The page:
“The government considers that these projects are likely to cause unacceptable environmental effects within federal jurisdiction and are not aligned with Canada’s domestic and international climate change commitments,” Wilkinson said. “The continued mining and use of thermal coal for energy production in the world runs counter to what is needed to effectively combat climate change.”
The new policy will apply to the plans by Coalspur, a privately owned coal mining company, to expand an existing thermal coal mine in the western province of Alberta, a province that has staked its entire financial future on destroying the planet with emission from its tar sands oil, the dirtiest oil found anywhere on Earth.
In a press release, the Canadian government said, “The evidence is clear: the continued mining and use of thermal coal for energy production in the world runs counter to what is needed to effectively combat climate change and seize the economic opportunities that it presents. It is in this context that the Government has announced this policy today and will continue to work with Canadians to deliver strong climate action.”
“New thermal coal mining projects or expansions are not in line with the ambition Canadians want to see on climate, or with Canada’s domestic and international climate commitments. Eliminating coal-fired power and replacing it with cleaner sources is an essential part of the transition to a low carbon economy, and as a result, building new thermal coal mines for energy production is not sustainable,” Wilkinson added.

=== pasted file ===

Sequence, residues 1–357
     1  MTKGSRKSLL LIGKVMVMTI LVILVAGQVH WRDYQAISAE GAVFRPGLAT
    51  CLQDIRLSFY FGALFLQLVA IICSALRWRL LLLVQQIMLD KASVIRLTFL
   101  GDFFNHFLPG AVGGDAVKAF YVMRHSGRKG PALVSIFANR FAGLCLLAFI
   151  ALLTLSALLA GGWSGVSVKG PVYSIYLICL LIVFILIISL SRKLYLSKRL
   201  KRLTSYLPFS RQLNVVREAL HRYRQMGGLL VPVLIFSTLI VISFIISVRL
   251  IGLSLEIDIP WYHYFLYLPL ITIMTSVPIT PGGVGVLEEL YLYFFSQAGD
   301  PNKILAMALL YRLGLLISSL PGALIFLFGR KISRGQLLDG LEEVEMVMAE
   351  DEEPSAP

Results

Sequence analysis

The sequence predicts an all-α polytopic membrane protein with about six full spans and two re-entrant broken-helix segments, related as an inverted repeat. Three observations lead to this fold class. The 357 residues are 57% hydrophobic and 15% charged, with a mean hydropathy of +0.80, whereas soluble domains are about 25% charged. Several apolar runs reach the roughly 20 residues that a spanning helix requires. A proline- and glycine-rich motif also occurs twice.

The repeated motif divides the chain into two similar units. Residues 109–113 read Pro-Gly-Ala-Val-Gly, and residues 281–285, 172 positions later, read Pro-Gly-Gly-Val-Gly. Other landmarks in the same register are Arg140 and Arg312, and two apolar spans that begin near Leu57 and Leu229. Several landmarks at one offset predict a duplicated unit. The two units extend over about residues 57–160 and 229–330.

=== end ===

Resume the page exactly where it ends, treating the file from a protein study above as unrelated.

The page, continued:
G7 Backs Away From Coal Statement
Meanwhile, at this year’s G7 economic summit in Brussels, the United States backed down from a pledge to push the world’s nations to end the use of thermal coal within the next decade, a commitment many nations were prepared to make before the conference began.
The softening of the US stance appears to be an attempt to appease Senator Joe Manchin of West Virginia, a state where coal had played a dominant role in politics for generations. Manchin is one of those “all of the above” people who sees a role for all fossil fuels for the foreseeable future, the climate crisis be damned.
“It’s very disappointing,” Jennifer Morgan, executive director of Greenpeace International, told the New York Times. “This was a moment when the G7 could have shown historic leadership, and instead they left a massive void.” The final conmuniqué from Brussels only mentioned a call to “rapidly scale up technologies and policies that further accelerate the transition away” from coal without the resort to carbon capture technology, which has failed to perform adequately at any coal fired generating station anywhere in the world as of yet.
“The G7 announcement on climate finance is really peanuts in the face of an existential catastrophe,” said Malik Amin Aslam, Pakistan’s climate minister. He called it a “huge disappointment” for his country and others that have been burdened with the cost of coping with extreme weather, displacement and other impacts of global warming attributable to economic policies of the world’s industrialized nations. “At the least, countries responsible for this inescapable crisis need to live up to their stated commitments, otherwise the climate negotiations could well end in futility,” he warned.
Talk about the tail wagging the dog. One US senator has used his influence to favor his campaign contributors among the fossil fuel industry and the whole world has to suffer as a result. It may be that the world somehow avoids making the Earth uninhabitable for humans but the foot dragging and platitudes from fossil fuel apologists are making that outcome less and less likely.
The only saving grace is that renewables become so cheap they drive all other sources of energy out of the marketplace. The question is whether that will happen in time to avert disaster. Will humanity save itself from its own destructive tendencies? “We’ll see,” said the Zen master.